Shock Waves from Exploding Wires at Low Ambient Densities
Shock waves from exploding wires at subatmospheric density ρ 0 show considerable deviations from the ρ 0 − 1/4 dependence of shock radius expected on the basis of blast wave theory. The shock trajectory data are consistent with the assumption of time-dependent energy addition, and this fact suggests complexity in the mechanism of shock production. The recently discovered technique of streak interferometry has been applied to study 4-mil Cu wires exploded into argon at reduced pressures. Typical interferograms at 1/16 atm show an intensely luminous, peripheral arc formed in an annulus several millimeters from the wire. When filters are used to diminish the diffuse light from the glow, clear fringes can be reduced in the entire glowing region. Near the tip, measured fringe shifts are negative, indicating the presence of electrons. No shock wave is seen. During an interval of about 1 /µsec fringe shifts near the periphery of the expanding glow change to positive values, and a compressional shock wave can be seen to separate and propagate ahead. Estimates obtained from approximate interferogram reductions indicate electron densities as high as 1018cm−3 in the annular region of the arc. A sequence of interferograms at pressures of 1/16 to 1 atm is presented, and implications for the mechanism of shock production are discussed.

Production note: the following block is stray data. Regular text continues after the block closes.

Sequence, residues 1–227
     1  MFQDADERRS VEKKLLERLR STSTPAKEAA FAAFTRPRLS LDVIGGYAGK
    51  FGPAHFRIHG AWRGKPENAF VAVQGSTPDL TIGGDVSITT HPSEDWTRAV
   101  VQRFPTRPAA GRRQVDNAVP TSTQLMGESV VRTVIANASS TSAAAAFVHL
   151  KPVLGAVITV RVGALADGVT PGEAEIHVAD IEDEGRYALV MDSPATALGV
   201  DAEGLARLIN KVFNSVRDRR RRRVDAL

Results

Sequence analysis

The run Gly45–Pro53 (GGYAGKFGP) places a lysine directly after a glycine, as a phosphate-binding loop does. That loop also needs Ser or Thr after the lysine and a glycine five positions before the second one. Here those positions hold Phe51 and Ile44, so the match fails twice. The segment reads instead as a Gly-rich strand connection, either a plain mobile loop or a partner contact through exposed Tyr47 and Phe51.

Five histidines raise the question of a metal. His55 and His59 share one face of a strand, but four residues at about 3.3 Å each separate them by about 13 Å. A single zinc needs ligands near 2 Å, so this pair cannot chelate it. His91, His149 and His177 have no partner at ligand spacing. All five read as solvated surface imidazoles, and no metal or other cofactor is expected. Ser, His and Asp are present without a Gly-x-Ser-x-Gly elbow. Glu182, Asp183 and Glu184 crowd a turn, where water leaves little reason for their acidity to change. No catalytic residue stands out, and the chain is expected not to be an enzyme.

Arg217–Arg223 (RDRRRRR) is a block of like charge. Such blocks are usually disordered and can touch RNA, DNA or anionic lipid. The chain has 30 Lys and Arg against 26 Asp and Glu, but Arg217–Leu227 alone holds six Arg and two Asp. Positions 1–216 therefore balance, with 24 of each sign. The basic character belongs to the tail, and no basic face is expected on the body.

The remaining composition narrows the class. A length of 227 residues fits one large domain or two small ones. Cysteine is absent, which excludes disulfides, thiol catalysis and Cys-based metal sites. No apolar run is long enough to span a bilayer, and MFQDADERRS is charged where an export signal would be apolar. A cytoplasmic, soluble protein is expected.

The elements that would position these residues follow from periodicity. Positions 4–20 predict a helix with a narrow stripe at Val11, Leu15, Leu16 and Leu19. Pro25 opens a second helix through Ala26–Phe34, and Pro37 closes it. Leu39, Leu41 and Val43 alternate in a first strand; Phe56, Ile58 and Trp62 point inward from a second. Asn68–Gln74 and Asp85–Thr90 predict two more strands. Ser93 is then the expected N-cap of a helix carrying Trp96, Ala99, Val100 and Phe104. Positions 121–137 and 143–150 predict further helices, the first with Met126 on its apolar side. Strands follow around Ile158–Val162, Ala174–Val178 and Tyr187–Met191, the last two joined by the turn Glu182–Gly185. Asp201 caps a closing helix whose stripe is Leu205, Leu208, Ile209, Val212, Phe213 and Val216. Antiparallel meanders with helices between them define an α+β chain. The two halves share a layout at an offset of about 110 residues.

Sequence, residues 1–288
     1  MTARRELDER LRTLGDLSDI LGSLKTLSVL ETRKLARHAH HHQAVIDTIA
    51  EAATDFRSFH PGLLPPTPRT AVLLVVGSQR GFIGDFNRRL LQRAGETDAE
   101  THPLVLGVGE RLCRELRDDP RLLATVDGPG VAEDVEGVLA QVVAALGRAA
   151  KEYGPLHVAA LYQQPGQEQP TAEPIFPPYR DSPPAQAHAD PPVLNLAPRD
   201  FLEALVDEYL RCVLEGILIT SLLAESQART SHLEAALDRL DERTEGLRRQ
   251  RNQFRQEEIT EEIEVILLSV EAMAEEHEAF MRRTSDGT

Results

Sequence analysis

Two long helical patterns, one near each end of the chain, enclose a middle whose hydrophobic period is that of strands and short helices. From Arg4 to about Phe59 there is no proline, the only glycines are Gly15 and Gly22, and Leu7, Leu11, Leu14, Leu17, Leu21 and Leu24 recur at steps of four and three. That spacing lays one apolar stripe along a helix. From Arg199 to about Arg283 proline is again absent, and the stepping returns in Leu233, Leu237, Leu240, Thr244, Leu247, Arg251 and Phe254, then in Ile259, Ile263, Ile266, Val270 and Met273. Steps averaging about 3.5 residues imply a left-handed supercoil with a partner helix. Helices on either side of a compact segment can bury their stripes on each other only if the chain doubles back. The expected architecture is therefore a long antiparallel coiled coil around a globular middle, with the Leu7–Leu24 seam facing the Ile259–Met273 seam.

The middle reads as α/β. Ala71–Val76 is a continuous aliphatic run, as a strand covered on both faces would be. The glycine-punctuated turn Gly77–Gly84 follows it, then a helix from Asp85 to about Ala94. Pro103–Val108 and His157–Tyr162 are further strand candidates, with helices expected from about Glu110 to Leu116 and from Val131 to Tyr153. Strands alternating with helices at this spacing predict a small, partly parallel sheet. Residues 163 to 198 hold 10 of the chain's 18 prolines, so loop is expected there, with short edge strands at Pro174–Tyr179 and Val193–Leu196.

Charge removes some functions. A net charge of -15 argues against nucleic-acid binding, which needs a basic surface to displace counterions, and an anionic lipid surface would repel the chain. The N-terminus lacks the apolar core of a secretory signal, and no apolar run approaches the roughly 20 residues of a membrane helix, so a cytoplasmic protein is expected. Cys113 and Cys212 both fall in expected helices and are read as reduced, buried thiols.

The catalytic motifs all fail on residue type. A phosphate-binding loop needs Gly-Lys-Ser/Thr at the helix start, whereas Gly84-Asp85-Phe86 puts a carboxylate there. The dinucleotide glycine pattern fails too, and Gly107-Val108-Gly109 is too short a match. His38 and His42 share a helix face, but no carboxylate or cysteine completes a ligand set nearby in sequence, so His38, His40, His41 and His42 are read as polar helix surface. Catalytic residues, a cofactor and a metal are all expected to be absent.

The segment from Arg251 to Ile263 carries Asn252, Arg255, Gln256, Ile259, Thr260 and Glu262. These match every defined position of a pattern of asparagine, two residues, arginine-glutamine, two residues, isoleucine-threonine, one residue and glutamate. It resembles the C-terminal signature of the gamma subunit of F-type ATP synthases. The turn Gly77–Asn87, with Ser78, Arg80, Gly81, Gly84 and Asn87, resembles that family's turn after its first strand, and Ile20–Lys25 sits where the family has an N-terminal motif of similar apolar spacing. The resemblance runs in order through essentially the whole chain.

KeywordsShock Wave Shock Production Ambient Density Wire Material Fringe Shift
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